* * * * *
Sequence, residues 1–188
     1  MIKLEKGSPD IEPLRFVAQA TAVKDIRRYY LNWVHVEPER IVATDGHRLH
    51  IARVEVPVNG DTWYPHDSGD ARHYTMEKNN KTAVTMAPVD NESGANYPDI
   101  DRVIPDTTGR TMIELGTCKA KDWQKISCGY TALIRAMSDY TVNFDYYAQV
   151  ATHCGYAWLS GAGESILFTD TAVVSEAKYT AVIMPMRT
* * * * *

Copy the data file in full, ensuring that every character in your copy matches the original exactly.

Sequence, residues 1–188
     1  MIKLEKGSPD IEPLRFVAQA TAVKDIRRYY LNWVHVEPER IVATDGHRLH
    51  IARVEVPVNG DTWYPHDSGD ARHYTMEKNN KTAVTMAPVD NESGANYPDI
   101  DRVIPDTTGR TMIELGTCKA KDWQKISCGY TALIRAMSDY TVNFDYYAQV
   151  ATHCGYAWLS GAGESILFTD TAVVSEAKYT AVIMPMRT